What can be said about puerperal psychosis?
As the name suggests, this is something entirely different from postnatal depression.
There is a change in the mental state and the new mother has wildly swinging moods, being euphoric one moment and in the depth of depression the next.
It is important to realize that the baby is at risk and even though he or she should ideally be kept with the mother, this should be coupled with adequate continuous vigilance to ensure he or she is not harmed by the mother. There are tragic experiences of such mothers strangling their babies.
Another potential problem not to be taken lightly is that of contraception. Because of mood swings, these patients are particularly prone to unprotected sex. This could easily lead to unplanned - and, in most cases, unwanted - pregnancy. This could complicate the picture enormously. It is therefore essential to ensure this aspect is addressed in the overall management strategy. The partner has a crucial role to play in this.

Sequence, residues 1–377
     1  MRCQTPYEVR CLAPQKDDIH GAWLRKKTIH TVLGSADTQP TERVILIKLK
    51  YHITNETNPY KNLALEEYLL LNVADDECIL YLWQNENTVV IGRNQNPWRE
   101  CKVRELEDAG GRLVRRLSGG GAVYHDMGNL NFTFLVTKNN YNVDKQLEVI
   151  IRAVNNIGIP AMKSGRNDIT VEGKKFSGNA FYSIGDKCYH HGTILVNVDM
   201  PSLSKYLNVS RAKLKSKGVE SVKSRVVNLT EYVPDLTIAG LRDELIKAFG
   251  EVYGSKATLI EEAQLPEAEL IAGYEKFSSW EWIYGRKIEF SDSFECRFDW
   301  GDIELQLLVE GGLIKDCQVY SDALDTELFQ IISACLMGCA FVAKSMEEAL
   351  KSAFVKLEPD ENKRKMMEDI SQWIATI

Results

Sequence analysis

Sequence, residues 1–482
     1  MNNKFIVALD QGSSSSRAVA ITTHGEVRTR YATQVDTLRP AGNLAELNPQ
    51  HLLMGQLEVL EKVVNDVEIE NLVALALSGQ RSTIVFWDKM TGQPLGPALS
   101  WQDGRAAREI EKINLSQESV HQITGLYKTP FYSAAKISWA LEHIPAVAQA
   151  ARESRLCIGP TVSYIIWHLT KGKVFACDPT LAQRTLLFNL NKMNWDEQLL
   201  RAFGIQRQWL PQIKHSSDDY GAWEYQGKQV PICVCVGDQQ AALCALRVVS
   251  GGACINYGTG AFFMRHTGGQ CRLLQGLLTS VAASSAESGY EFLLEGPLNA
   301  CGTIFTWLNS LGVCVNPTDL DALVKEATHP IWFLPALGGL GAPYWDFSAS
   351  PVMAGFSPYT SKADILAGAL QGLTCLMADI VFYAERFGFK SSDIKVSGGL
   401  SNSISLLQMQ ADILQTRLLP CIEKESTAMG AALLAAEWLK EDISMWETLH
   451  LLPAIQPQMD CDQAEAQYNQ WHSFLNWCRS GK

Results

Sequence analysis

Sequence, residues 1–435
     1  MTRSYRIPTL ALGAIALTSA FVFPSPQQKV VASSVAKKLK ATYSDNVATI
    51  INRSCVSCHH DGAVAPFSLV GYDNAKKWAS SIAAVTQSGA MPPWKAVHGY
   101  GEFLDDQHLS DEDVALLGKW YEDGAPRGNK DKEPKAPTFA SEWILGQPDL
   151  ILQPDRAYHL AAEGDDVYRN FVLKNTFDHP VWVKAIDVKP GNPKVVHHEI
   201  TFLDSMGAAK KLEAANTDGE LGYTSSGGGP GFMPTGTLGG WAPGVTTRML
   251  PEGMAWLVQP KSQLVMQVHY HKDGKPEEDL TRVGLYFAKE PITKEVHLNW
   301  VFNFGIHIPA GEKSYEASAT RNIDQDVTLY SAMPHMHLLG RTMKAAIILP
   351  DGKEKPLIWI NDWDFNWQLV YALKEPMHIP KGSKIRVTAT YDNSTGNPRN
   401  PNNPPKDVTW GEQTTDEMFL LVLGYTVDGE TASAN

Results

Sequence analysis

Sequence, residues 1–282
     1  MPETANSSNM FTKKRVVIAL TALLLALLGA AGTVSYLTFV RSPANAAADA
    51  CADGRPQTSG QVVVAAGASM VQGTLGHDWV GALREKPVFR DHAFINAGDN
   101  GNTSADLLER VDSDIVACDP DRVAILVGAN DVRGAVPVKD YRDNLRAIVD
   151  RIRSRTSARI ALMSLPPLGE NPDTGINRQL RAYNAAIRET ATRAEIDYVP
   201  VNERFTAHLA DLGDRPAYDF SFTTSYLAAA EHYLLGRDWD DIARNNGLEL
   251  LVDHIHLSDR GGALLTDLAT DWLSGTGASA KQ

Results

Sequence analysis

Where will a mother diagnosed as having postnatal psychosis be treated?
It is unusual to manage this condition at home. Hospital admission is almost always required and this could be in the psychiatric ward where the medical experts are based. Medication will be continued for as long as necessary. Almost all such patients make a full recovery.
Can postnatal psychosis recur in a subsequent pregnancy?
Yes. There is slight increase in risk of a recurrence. There are no known effective measures to reduce this risk.
Last update: February 19, 2013